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Performing Electrical ABRs Post-Cochlear Implantation

Shannon White, AuD, FAAA

September 17, 2007


Question

I work with patients who have cochlear implants. The physician with whom I work wants to begin performing Electrical ABRs post-implantation. How do I use my evoked potential system for EABR testing?

Answer

For Electrical ABR testing, your evoked response system acts as the response averager. The cochlear implant processor delivers the electrical pulse to the implant and simultaneously triggers the evoked response system to collect epochs of data from the recording electrodes.

Hardware

For your Bio-logic Navigator Pro ABR system to function as the averager for EABRs, there are a few non-standard hardware components that are required.



You also are likely to need an adapter that will serve to match the connections between the Bio-logic trigger in cable and the trigger out connector on your cochlear implant processor. The Bio-logic trigger in cable terminates in a 1/8" stereo jack. The trigger out connector on the implant processor is different for the various manufacturers. You can look on the implant processor or contact the manufacturer to determine the type of connector for the trigger out on their device. Bio-logic does not supply these intermediary components but they are readily available in an electronics supply store.

Bio-logic Navigator Pro AEP Protocol Parameters

The data collection protocol for EABR will require some parameter changes from your standard click-evoked ABR protocol. Below are guidelines for EABR parameter settings as a starting point. Of course, there are no clearly defined standards for setting of these parameters and other settings may also work or be desirable for your testing purposes.

Montage

The typical electrode placement for EABR is:
Non-inverting = Cz or high forehead
Inverting = Mastoid or earlobe contralateral to the implant
Ground = Low forehead
Recording parameters
Epoch or analysis window = 5.33 ms
Data points = 256 points
Pre/post time = 0 ms
Blocking = 0.7 ms
Max # averages = set to 100 less than the implant processor is set to deliver; eg. If processor is set to 1000, set Navigator Pro protocol to 900.
Stimulus parameters (since the implant processor provides the stimulation most settings in the Bio-logic AEP system Stimulus setup tab are irrelevant. However the following parameters should be set:
Insert delay = 0.0 ms
Trigger in = enabled
Amplifier parameters
Channels = 1 enabled
Gain = 50,000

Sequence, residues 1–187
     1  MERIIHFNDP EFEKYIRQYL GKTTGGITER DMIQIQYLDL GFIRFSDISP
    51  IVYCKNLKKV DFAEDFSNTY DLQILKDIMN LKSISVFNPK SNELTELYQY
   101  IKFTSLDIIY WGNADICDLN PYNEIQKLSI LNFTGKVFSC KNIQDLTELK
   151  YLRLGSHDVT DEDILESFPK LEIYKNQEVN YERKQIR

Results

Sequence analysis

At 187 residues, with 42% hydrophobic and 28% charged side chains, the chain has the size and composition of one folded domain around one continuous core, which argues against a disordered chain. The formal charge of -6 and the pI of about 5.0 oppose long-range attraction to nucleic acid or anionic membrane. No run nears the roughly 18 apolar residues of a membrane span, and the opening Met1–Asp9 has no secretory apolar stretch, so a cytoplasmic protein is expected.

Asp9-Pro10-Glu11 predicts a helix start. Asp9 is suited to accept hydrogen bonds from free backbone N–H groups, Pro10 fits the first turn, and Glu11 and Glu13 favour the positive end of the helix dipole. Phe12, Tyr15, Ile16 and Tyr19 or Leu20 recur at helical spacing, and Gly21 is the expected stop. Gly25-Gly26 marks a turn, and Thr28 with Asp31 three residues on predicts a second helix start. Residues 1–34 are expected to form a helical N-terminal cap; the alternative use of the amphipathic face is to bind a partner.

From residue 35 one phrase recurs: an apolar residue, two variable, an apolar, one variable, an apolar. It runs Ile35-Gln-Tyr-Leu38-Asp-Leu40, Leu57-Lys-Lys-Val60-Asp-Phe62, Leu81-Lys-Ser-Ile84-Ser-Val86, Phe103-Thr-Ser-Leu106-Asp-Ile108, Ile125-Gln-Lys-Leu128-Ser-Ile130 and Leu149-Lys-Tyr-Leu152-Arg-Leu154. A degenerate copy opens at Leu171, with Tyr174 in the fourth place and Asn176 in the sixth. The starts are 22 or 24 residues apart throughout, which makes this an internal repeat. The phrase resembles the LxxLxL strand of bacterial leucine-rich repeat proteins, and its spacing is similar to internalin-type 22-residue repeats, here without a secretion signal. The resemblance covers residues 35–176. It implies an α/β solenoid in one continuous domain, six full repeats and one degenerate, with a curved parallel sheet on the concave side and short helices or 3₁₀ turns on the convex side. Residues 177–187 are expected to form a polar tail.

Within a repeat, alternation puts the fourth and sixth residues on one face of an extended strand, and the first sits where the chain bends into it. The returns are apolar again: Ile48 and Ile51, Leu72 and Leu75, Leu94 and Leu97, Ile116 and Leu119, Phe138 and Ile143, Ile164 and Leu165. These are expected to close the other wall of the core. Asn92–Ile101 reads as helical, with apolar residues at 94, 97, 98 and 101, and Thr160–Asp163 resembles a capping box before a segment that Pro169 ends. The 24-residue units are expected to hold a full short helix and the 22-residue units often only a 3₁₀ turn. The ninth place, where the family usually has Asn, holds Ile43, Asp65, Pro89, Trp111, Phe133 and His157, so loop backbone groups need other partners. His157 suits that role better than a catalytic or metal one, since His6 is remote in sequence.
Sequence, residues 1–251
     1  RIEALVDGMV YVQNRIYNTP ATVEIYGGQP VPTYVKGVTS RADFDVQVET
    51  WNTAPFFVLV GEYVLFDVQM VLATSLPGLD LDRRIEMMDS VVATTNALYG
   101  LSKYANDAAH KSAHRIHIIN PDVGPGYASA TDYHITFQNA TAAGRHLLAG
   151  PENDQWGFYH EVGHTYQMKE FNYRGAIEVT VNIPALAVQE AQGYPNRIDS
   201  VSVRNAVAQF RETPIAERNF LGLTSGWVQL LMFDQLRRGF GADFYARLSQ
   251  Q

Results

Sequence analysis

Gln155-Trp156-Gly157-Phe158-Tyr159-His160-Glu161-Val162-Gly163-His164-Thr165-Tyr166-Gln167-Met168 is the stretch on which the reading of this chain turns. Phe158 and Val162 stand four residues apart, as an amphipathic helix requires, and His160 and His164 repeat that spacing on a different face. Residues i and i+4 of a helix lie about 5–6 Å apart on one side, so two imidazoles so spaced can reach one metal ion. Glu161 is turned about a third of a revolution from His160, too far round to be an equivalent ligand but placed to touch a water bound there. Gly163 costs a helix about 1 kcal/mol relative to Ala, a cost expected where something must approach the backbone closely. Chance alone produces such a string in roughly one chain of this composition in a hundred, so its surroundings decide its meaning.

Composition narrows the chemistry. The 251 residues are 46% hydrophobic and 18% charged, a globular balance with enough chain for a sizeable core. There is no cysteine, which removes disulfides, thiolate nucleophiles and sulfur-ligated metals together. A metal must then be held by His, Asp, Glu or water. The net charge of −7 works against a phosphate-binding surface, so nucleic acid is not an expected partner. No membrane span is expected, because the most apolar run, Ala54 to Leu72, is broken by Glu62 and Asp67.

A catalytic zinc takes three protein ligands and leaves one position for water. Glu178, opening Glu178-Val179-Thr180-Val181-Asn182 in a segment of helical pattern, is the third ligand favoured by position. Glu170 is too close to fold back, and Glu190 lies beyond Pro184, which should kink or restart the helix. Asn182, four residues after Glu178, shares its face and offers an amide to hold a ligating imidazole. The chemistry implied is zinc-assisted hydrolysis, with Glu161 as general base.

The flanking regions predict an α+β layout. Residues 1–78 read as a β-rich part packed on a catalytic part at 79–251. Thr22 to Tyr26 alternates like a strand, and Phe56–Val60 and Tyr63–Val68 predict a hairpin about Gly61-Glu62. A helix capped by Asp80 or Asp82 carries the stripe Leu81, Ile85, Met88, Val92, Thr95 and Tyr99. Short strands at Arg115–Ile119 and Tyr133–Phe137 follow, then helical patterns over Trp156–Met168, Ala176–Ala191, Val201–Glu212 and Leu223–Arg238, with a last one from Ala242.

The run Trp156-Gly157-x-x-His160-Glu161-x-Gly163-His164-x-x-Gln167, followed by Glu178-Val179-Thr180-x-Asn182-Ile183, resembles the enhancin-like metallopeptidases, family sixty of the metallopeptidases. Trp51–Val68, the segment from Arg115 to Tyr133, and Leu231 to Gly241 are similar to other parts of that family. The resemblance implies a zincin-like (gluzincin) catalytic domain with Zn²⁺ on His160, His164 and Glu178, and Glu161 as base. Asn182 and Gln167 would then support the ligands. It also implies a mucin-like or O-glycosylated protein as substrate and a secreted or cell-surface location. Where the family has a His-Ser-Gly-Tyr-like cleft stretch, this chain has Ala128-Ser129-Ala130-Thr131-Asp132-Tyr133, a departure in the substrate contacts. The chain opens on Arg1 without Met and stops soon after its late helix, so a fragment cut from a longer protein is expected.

Artifact rejection = disabled
Electrode switching = disabled
Low Filter (ie high pass) = 100 Hz
High Filter (ie low pass) = 3000 Hz
Cochlear Implant Processor Stimulus Parameters

Since the CI Processor provides the electrical stimulus, these parameters must be set via the implant software. Consult with your CI manufacturer rep for suggestions regarding setup of the electrical stimulus parameters.

Tips & Tricks

Be sure to initiate the stimulus from the implant processor prior to starting the recording of the average on the Navigator Pro system. This will help avoid a situation in which the Navigator Pro times out because no trigger pulse is received, resulting in display of an error message in the AEP software.

EABR Responses

A typical EABR waveform shows a IV/V complex peak occurring around 4.5 ms in latency. It is generally no larger than 1 microvolt in amplitude. Any "response" that is unusually large may reflect EMG caused by facial nerve stimulation and should be viewed with suspicion.

EABRs obtained from the apical electrodes of the implant generally produce the largest amplitudes, the best morphology and the lowest thresholds. EABR amplitude and latency are affected by the intensity of the electrical stimulation just like standard ABR latency and amplitude are impacted by the intensity of the acoustic stimulus.

Information needed from the Cochlear Implant Manufacturer

Not all cochlear implants processors are designed to support EABR testing. You will need to confer with your CI manufacturer representative to determine whether EABRs are feasible with the combination of CI hardware and software that you use.

Also contact the CI manufacturer for details about the interface connection into the CI processor so you can obtain the correct adapter for connecting the CI processor trigger out to Bio-logic's trigger in cable.

Visit www.bio-logic.com for more information or the Bio-logic Web Channel on Audiology Online at www.audiologyonline.com/channels/bio-logic.asp

Shannon White, Au.D., FAAA - Clinical Education Consultant, Bio-logic Systems and Natus Medical, Inc. Prior to coming to Bio-logic and Natus, Shannon worked in a non-profit audiology clinic performing diagnostic evaluations as well as fitting amplification on both pediatric and adult patients. She received her Master's degree from California State University Sacramento and her Doctorate from the University of Florida. Prior to becoming an audiologist she worked as a hearing health educator, teaching hearing conservation to over 13,000 children.


shannon white

Shannon White, AuD, FAAA